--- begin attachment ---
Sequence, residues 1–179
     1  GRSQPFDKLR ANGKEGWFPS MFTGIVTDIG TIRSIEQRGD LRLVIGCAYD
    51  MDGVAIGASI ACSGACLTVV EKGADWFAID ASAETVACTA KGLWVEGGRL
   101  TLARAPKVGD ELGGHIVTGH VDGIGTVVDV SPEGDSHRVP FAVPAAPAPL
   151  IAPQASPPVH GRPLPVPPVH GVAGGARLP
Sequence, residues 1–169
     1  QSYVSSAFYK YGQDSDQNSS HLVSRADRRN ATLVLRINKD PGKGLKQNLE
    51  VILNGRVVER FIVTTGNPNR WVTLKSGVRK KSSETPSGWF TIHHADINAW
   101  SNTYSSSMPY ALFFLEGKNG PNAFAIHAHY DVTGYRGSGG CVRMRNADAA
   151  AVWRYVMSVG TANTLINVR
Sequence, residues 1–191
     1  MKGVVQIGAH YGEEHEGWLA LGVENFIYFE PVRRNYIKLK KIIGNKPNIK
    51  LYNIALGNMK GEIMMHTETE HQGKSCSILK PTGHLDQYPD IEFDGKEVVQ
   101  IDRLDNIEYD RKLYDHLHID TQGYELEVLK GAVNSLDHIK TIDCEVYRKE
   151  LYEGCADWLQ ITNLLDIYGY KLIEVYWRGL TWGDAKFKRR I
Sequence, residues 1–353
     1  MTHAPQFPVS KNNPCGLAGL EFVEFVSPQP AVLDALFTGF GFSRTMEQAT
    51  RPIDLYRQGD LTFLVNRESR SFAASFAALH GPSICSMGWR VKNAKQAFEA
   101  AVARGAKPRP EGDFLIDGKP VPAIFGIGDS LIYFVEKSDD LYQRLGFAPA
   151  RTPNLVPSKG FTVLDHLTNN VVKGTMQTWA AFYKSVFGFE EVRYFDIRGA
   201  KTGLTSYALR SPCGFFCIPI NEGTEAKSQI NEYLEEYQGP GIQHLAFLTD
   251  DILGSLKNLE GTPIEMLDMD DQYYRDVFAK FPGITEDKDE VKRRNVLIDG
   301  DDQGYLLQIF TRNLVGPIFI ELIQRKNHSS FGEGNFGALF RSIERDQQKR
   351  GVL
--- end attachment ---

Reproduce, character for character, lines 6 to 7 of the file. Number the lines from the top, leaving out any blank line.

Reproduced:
Sequence, residues 1–169
     1  QSYVSSAFYK YGQDSDQNSS HLVSRADRRN ATLVLRINKD PGKGLKQNLE